Historic buildings are to be demolished after Burnley Borough Council granted planning permission for a new retail unit to be built on Hammerton Street.
The application was passed at a meeting of the Council’s Development Control Committee despite objections from national heritage societies and the Ministry of Justice.
A semi-derelict sawmill complex dating back to the Second Industrial Revolution would be knocked down and replaced with a new 6000 sq. ft. unit.
A report placed before the Council’s Development Control Committee suggested that the new retail unit would help begin the “process of bringing another important area of vacant and redundant land” to “productive use” and would “likely to lead to further growth and job creation”.
Objections from historical societies and neighbours – including the Ministry of Justice, which occupies Burnley Combined Court, the property adjacent to the site – were assessed and ultimately dismissed.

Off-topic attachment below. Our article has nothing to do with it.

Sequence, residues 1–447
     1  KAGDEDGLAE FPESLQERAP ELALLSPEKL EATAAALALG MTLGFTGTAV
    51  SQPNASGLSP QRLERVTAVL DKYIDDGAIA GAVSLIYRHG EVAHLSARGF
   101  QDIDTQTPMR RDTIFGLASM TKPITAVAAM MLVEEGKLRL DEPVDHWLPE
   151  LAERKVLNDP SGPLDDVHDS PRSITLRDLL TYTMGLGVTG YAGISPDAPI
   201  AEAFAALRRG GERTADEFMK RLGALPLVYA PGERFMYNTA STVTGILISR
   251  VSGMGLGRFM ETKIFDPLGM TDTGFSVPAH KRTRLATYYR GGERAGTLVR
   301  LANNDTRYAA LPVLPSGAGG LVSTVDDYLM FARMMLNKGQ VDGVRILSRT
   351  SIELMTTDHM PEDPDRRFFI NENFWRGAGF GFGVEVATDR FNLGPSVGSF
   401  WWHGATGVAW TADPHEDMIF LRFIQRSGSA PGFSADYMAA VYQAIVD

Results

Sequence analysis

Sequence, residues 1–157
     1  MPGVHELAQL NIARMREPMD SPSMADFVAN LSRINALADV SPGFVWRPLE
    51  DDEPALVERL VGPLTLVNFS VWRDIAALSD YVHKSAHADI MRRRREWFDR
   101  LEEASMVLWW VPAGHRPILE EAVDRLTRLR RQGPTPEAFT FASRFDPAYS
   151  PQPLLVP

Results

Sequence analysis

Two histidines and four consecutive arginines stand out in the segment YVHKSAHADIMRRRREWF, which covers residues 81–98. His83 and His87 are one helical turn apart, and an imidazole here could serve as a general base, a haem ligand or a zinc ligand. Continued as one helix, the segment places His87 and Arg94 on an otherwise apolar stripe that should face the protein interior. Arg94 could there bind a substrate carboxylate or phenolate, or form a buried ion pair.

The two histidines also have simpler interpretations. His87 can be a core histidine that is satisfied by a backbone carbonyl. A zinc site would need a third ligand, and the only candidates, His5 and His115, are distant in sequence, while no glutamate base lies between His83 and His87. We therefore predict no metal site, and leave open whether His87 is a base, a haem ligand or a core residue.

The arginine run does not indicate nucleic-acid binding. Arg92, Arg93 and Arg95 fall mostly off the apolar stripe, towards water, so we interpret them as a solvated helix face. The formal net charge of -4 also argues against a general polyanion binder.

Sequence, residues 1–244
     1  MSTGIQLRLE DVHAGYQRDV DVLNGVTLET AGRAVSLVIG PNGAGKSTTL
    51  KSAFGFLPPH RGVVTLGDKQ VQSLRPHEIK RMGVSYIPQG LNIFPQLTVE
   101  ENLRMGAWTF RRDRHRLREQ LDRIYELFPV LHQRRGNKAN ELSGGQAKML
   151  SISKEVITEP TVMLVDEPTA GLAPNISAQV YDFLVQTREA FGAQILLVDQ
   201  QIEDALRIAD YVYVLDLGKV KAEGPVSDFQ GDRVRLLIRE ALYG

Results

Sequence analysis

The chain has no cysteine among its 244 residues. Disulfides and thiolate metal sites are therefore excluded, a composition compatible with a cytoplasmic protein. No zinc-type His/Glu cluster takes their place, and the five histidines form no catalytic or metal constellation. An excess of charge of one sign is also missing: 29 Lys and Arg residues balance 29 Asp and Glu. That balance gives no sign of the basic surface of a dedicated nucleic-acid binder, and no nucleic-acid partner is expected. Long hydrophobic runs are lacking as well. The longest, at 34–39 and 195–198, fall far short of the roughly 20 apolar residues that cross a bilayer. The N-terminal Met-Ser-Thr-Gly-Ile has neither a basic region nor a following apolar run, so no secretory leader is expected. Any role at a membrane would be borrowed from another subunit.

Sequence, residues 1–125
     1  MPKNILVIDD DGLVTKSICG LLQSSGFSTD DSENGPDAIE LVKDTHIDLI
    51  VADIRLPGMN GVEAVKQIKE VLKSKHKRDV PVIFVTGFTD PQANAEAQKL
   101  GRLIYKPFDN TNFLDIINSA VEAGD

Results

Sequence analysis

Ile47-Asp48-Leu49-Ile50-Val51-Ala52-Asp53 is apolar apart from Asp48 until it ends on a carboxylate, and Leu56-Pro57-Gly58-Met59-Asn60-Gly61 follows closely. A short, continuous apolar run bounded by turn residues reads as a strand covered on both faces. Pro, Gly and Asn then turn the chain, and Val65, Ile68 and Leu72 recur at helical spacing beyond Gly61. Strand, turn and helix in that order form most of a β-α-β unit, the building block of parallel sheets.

The Ministry of Justice raised concerns regarding the ease with which they could transport prisoners to the court and, during the demolition process, noise disrupting the court.
Historical England also objected, saying that buildings relating “to the industrial development of the town” being knocked down.
In 2008 the society published ‘Conservation Principles’, which identified four principal heritage values local planning authorities must consider when assessing applications. These were Evidential, Communal, Historical and Aesthetic values.
Historic England objected to the Hammerton Street application because it would have an adverse effect on “one of the finest surviving industrial landscapes in the country”.
Despite these concerns, construction will go ahead within three years of the decision and after the local planning authority approves demolition and construction statements.